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Jewish Warrior Sisters

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  • thereisnodespair
    thereisnodespair Member Posts: 98
    edited September 2016
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    B"H

    Ruthi - i've done it losts of times - they are just fine !!!

  • thereisnodespair
    thereisnodespair Member Posts: 98
    edited September 2016
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    B"H

    Ruthi i have done it a lot of times - it defrosts fine! no problem

  • karen1956
    karen1956 Member Posts: 4,532
    edited September 2016
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    I have frozen them in a pan and they are fine


  • karen1956
    karen1956 Member Posts: 4,532
    edited October 2016
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    K'siva V'chasima Tova! Wishing everyone a year filled with good health and all things good. May 5777 bring blessings to all.

  • exbrnxgrl
    exbrnxgrl Member Posts: 4,950
    edited October 2016
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    Shana Tova to all. May your new year be sweet

  • woodstock99
    woodstock99 Member Posts: 80
    edited October 2016
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    A happy, healthy and sweet year to all

  • chisandy
    chisandy Member Posts: 11,385
    edited October 2016
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    Shana Tova to everyone—sending you some virtual apples & honey, almonds & raisins.

  • thereisnodespair
    thereisnodespair Member Posts: 98
    edited October 2016
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    B:H

    Shana tova - all the best to all of you!!!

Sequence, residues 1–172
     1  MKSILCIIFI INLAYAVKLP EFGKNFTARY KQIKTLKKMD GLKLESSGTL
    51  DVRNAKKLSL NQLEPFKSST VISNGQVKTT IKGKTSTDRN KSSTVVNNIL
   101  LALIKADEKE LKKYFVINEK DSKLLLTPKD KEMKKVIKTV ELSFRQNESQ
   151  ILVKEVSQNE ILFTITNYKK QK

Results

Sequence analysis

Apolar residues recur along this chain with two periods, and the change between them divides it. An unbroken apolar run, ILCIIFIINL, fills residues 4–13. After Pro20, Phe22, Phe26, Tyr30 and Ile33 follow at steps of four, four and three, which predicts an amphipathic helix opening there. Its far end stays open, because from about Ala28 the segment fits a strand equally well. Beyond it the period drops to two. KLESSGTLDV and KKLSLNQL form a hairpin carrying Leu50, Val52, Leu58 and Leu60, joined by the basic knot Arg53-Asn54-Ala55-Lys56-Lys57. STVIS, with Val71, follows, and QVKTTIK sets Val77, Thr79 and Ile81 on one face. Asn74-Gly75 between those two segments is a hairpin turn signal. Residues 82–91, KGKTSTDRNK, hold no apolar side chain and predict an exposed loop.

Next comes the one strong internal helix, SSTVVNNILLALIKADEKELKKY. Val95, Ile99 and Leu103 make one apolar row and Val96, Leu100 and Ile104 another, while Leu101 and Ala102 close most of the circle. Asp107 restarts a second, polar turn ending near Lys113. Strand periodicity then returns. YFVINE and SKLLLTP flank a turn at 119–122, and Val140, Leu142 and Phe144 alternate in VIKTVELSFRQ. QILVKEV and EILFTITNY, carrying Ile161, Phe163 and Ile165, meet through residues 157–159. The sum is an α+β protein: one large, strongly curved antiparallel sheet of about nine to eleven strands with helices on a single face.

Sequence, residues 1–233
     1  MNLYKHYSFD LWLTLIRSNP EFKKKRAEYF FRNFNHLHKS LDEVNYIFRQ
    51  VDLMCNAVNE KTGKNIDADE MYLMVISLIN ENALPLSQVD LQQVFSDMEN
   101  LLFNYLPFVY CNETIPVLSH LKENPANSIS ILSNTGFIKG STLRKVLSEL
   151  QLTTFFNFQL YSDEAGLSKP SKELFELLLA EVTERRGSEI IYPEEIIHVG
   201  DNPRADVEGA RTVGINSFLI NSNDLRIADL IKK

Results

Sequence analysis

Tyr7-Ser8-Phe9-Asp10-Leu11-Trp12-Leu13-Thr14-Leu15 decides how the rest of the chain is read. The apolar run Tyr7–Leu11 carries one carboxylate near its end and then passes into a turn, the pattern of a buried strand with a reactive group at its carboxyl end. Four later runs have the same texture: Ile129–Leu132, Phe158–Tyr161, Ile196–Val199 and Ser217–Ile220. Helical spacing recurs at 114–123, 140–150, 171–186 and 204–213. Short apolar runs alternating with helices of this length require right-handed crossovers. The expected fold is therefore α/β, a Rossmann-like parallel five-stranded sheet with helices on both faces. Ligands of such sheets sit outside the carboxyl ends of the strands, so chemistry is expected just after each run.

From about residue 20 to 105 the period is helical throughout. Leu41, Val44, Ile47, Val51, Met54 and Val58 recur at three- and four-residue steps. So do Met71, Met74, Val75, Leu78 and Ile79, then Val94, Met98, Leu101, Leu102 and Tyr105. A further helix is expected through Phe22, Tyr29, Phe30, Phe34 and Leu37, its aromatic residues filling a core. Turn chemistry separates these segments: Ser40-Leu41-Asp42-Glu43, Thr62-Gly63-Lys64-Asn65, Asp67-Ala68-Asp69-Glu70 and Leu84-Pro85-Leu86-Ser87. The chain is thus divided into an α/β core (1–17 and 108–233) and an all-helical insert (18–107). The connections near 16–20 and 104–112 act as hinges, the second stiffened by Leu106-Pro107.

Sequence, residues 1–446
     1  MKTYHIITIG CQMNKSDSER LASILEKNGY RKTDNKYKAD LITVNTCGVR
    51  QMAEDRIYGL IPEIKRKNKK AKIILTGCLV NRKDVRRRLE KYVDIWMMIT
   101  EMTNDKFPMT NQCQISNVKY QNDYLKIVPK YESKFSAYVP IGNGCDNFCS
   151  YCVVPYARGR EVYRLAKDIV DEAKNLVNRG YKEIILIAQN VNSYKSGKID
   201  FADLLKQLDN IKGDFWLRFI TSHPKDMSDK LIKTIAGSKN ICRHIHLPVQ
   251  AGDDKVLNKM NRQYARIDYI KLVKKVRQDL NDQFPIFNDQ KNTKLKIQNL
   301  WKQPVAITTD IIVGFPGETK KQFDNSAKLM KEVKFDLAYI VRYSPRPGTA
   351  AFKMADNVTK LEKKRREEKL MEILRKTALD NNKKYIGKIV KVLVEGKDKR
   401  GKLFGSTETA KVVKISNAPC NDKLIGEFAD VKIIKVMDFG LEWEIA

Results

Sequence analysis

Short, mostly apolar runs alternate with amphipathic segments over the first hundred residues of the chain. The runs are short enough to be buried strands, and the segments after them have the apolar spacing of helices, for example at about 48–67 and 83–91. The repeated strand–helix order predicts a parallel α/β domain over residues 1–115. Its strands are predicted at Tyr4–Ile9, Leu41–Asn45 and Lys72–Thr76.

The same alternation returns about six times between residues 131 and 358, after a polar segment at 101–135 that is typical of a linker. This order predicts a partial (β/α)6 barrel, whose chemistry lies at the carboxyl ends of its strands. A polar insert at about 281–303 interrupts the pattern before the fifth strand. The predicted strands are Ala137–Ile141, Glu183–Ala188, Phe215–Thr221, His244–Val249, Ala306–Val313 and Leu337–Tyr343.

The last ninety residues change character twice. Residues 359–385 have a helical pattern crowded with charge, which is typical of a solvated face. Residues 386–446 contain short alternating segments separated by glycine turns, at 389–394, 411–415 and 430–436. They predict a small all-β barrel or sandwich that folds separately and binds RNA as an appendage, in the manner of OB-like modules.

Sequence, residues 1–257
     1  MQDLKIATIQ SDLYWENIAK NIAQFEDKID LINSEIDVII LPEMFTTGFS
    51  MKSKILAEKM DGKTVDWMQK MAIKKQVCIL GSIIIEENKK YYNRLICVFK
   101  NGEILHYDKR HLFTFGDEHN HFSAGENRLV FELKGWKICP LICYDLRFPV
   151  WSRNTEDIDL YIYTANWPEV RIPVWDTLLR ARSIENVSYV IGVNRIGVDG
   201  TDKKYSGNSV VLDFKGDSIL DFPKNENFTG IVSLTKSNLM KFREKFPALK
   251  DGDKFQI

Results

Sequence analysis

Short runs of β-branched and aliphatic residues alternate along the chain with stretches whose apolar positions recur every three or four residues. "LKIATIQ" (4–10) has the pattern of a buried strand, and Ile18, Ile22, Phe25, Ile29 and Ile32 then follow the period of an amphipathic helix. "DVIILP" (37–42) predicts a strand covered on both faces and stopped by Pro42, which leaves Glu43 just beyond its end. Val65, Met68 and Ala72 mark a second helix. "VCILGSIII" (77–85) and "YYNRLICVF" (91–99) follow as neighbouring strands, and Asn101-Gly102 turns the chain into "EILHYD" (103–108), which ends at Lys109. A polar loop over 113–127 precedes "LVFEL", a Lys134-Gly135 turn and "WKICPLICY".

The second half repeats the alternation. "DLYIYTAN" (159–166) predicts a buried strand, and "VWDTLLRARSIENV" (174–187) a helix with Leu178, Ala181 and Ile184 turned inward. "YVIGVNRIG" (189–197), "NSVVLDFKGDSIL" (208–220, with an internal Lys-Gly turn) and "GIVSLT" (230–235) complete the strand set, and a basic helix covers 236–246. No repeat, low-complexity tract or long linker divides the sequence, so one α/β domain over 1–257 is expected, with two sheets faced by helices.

• exbrnxgrl
    exbrnxgrl Member Posts: 4,950
    edited October 2016
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    This proud grandma just had to post this. The baby is my 5 1/2 month old grandson.

    image

  • chisandy
    chisandy Member Posts: 11,385
    edited October 2016
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    Anyone here going to fast on Yom Kippur? I know one is not supposed to fast if “ill” or “elderly;” but if we are under treatment (even hormonals) are we “ill” even if we feel okay? And how old is “elderly?"

  • exbrnxgrl
    exbrnxgrl Member Posts: 4,950
    edited October 2016
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    LOL! Elderly is definitely not what it was 50 years ago. At 60, I may be older but not elderly. As for fasting, I try to go as long as I can, but if I start to feel weak or sick, I stop

  • karen1956
    karen1956 Member Posts: 4,532
    edited October 2016
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    at 60, I surely don't consider myself elderly! As far as AIs, I didn't consider myself "i'll" when taking them and I endured numerous side effects.

    I think your decision to fast is a personal one between you and Hashem.






  • ABeautifulSunset
    ABeautifulSunset Member Posts: 600
    edited October 2016
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    I don't fast anymore. I decided that I already suffer enough. Plus, I get migraines when I don't eat. I do not feel guilty. I believe that I am exempt. But each person should make their own decision. If you are physically up to the fast, I dont see why you shouldn't.

    Shana Tova. May we all be written and sealed in the book of life.

  • Chloesmom
    Chloesmom Member Posts: 626
    edited October 2016
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    I will eat less as AIs are doing a job on my body. Going to try my bulletproof coffee but iced. Will blend it the day before Don't believe my Maker wants me to be ill. Want to be able to focus on praying.

    Will try to fast from things like interrupting or having the last word this week That's harder than going without food! Wishing you all a year of health!

  • thereisnodespair
    thereisnodespair Member Posts: 98
    edited October 2016
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    B"H

    CHloesmom sorry for my ignorance, could you plz further explain what you meant in these two matters? I will eat less as AIs are doing a job on my body. Going to try my bulletproof coffee but iced.

    I just started taking anastrozole and am quite addicted to coffee... so that's why i am asking...

  • pessa
    pessa Member Posts: 137